Grants and Contracts Details
Retinopathy of prematurity is the foremost cause of blindness in infants in the developed world. Improvement in oxygen level monitoring has led to better control of the oxygen given to premature infants. Despite these advances, ROP continues to be significant public health issue due to the fact that neonatal care advances mean more extremely low weight premature infants are surviving. Current standard of care for infants affected by ROP include laser or cryotherapy to stop the growth of new blood vessels in the eye. Unfortunately, these therapies do not address the underlying mechanism driving the disease. Our current proposal focuses on the use of a selective agent, endorepellin, which may allow for better clinical management of ROP in infants. This initial work seeks to characterize the function of endorepellin in inhibit pathological new vessels in a mouse model ofROP. We propose to assess endorepellin at several time points and dose levels in order to determine the optimal administration. We further propose to examine the distribution of endorepellin as it interacts with blood vessels in the eye. These studies are critically important to understanding the function of endorepellin in the eye. Ifpre-clinical studies are successful, endorepellin clinical application could significantly reduce vision loss due to ROP.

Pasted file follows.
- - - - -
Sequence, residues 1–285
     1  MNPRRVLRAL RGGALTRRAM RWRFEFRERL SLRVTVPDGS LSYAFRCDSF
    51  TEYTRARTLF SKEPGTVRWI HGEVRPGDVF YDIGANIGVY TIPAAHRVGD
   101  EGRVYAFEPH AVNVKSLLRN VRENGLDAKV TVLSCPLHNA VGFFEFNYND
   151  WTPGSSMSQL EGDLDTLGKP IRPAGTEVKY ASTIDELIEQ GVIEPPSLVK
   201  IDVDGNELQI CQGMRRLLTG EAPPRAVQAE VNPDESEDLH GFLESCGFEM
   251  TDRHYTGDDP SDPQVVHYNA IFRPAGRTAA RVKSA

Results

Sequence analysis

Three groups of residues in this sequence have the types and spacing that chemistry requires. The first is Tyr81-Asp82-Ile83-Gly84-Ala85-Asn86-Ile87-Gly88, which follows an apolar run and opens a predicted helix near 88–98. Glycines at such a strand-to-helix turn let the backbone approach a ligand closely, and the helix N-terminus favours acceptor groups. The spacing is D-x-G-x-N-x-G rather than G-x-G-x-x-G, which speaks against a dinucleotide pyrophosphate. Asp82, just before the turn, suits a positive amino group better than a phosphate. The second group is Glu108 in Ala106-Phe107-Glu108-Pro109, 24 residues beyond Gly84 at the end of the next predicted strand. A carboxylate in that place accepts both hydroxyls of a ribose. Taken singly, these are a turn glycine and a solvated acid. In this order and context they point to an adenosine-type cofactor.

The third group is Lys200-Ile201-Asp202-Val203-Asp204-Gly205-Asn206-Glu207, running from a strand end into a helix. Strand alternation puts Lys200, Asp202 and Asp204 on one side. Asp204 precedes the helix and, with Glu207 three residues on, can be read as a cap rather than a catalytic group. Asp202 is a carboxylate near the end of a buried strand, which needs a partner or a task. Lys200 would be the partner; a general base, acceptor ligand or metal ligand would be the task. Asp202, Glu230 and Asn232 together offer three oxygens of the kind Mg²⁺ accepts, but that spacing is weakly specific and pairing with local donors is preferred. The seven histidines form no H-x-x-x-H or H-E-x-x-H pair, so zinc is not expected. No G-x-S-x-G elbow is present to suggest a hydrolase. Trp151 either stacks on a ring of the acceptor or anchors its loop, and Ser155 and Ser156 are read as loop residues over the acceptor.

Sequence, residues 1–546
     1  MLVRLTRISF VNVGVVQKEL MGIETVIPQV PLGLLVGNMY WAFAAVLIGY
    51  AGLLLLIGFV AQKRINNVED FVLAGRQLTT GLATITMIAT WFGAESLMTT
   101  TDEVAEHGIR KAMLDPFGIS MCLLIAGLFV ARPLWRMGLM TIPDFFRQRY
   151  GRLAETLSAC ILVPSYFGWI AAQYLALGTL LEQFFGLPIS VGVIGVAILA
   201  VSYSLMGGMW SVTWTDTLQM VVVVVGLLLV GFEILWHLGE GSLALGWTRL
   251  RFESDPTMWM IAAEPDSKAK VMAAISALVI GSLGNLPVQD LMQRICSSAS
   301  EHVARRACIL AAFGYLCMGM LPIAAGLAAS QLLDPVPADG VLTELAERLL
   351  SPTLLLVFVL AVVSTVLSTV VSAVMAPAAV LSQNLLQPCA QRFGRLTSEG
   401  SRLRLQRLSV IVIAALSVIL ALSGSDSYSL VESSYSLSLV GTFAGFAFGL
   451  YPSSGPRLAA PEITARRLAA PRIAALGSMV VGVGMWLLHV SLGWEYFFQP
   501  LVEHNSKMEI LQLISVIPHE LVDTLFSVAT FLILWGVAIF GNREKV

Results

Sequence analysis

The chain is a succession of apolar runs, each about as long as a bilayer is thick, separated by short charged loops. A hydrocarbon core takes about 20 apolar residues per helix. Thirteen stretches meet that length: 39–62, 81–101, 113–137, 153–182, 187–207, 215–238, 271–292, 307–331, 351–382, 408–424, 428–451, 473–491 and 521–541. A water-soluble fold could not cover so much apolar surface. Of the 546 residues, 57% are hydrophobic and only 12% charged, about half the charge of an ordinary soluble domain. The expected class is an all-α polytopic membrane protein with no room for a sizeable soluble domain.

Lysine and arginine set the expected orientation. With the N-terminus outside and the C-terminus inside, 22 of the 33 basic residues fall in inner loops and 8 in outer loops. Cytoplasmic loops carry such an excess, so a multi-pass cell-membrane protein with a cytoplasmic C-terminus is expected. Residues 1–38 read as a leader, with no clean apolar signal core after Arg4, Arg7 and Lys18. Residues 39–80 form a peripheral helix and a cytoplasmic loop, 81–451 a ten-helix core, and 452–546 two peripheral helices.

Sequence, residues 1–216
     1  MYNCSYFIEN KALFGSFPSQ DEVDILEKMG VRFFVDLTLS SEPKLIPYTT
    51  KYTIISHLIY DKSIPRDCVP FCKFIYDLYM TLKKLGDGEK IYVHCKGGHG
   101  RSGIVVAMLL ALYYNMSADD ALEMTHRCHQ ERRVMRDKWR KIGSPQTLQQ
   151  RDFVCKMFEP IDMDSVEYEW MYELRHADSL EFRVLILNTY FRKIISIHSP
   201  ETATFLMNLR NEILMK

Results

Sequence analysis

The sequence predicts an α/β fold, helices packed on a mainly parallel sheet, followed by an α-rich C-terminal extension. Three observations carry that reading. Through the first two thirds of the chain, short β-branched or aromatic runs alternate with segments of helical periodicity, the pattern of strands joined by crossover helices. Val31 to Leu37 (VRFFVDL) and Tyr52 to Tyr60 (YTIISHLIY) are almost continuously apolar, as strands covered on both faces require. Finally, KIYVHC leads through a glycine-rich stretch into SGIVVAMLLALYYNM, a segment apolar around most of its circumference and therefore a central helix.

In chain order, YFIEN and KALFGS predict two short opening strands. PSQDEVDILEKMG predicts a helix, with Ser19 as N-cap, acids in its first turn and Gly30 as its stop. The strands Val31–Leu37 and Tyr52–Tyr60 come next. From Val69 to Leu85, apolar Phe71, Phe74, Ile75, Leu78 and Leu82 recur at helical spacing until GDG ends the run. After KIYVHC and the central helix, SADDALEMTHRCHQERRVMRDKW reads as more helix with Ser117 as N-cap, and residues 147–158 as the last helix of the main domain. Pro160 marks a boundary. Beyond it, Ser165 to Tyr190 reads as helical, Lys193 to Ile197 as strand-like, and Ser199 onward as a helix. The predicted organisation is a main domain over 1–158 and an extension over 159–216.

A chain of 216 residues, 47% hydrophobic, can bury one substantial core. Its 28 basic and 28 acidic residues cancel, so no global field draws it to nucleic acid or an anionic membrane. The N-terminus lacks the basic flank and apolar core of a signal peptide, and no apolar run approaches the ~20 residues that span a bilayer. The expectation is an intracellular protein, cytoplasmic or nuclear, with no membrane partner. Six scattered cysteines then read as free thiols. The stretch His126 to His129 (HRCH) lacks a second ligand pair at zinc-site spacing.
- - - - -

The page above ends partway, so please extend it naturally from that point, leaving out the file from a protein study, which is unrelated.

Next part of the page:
|Effective start/end date||7/1/10 → 6/30/12|
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